Farmers’ Market emphasizes local products

When senior Spanish education major Chuck Hinson set foot on the Watauga County Farmers’ Market for the first time Saturday, he said he saw something he didn’t expect.

“I just thought it was going to be fruits and veggies,” Hinson said.

Since 1974, the Farmers’ Market has been a showcase for local artists and musicians. Among vegetables and fruits, vendors also sell their pottery, baked goods, crafts and homemade soaps.

Local beekeeper Ryan Higgs serves a sample of honey to junior nursing major Emily Williams at the Watauga County Farmers' Market Saturday morning. The market is currently open Saturday and Wednesday mornings from 8:00 a.m. to noon at Horn in the West. Olivia Wilkes | The Appalachian “The focus on the market is on local, so local arts and crafts are definitely a part of that,” said Tori Cox, Watauga County Farmers’ Market manager.

Caron Baker Wike is one of the potters featured at the market, where she has been selling her products for the past seven years.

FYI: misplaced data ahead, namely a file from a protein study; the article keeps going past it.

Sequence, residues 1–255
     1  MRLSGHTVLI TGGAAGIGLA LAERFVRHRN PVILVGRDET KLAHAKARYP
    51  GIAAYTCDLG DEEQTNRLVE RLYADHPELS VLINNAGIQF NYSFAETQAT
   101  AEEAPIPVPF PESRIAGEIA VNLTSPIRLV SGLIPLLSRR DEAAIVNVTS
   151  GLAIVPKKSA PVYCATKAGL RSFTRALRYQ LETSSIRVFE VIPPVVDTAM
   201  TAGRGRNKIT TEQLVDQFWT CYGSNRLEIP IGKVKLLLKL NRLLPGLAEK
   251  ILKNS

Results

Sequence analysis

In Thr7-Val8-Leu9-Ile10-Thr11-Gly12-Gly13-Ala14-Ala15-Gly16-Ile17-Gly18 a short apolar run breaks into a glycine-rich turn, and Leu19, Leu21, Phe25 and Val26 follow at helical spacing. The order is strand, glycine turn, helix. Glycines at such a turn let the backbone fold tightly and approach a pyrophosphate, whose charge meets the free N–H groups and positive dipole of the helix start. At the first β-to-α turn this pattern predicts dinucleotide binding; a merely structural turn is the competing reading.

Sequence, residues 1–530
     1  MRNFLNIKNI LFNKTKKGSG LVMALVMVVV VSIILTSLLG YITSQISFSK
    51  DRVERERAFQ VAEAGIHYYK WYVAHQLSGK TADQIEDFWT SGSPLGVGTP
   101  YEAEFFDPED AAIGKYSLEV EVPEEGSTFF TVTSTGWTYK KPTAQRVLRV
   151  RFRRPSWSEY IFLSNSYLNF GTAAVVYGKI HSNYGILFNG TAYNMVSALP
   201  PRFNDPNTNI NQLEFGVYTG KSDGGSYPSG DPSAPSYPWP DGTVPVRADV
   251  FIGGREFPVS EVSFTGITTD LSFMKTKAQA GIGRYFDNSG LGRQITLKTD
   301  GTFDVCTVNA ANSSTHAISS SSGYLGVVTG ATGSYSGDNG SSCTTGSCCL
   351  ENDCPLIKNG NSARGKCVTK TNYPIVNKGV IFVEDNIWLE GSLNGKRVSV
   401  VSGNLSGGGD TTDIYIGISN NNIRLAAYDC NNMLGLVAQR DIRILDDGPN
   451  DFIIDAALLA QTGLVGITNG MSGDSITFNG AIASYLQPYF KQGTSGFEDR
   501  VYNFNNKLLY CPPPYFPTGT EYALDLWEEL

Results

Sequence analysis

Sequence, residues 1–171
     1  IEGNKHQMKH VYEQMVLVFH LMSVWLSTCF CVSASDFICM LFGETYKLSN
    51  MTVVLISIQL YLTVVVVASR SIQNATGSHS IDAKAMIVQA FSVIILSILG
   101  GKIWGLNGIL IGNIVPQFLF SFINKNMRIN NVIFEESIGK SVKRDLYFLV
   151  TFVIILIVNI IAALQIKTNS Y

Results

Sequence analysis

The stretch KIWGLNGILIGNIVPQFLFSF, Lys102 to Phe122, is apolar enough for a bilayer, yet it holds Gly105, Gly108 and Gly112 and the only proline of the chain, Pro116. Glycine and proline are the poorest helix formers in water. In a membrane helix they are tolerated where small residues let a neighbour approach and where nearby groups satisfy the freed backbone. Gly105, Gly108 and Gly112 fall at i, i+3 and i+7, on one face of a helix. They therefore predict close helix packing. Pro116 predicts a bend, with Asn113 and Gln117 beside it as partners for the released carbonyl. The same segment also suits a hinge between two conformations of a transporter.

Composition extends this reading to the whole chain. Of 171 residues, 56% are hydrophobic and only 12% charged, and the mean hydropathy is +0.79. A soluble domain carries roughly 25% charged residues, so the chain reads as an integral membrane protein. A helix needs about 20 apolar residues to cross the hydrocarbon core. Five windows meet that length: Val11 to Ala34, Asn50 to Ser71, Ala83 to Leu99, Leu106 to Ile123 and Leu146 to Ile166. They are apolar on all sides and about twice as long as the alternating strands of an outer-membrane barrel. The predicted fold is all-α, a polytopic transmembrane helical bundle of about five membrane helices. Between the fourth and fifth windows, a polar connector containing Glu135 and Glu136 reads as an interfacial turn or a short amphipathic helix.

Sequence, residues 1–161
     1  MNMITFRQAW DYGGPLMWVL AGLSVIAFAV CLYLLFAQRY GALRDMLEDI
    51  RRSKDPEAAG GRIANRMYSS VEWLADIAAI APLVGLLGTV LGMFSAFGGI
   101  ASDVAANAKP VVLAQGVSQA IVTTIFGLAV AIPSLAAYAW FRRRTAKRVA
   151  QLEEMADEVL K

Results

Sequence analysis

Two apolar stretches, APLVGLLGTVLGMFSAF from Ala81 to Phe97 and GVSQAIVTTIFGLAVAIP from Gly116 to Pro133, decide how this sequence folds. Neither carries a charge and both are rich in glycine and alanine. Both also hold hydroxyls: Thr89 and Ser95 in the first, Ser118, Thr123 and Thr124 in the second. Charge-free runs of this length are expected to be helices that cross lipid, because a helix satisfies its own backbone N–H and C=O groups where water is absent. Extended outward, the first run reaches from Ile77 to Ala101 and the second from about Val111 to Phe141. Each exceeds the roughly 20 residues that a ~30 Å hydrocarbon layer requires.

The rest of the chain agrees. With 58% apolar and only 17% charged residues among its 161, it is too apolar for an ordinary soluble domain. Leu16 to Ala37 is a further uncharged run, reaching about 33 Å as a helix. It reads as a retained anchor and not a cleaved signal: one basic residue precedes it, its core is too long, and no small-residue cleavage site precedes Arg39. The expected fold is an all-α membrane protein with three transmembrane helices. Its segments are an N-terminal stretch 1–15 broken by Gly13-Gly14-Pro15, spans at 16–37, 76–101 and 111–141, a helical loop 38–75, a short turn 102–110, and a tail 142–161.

“I have two basic styles that I do,” Wike said. “I either impress leaves in clay or I impress lace doilies in clay.”

Before she could start selling her products, Wike, like all vendors, had to secure a vending site through the market’s jury process and prove her products were either vendor grown or made.

“I’ve been to other farmers markets and they aren’t as 100 percent vendor made or grown and sometimes they can buy vegetables somewhere else and bring them to the farmers market and you just don’t know where they came from,” Wike said. “Here, you know the vendors have either made it or produced it.”

Only about 17 percent of customers are students from the university, according to a survey conducted a year ago.

Judy Poland has been a vendor at the market for two years. She said her food is well-priced for a college student’s budget and her ingredients are better for students.

“If you buy one of our cupcakes it’s not full of crud,” she said. “It’s actually full of natural stuff and that makes a lot of difference to me and hopefully it makes a difference to them. I’m into quality.”


The Watauga County Farmers’ Market is open Wednesday and Saturday from 8 a.m. to noon. and runs through September and October. For more information on the market, visit

Story: MICHAEL BRAGG, Senior A&E Reporter
Photo: OLIVIA WILKES, Senior Photographer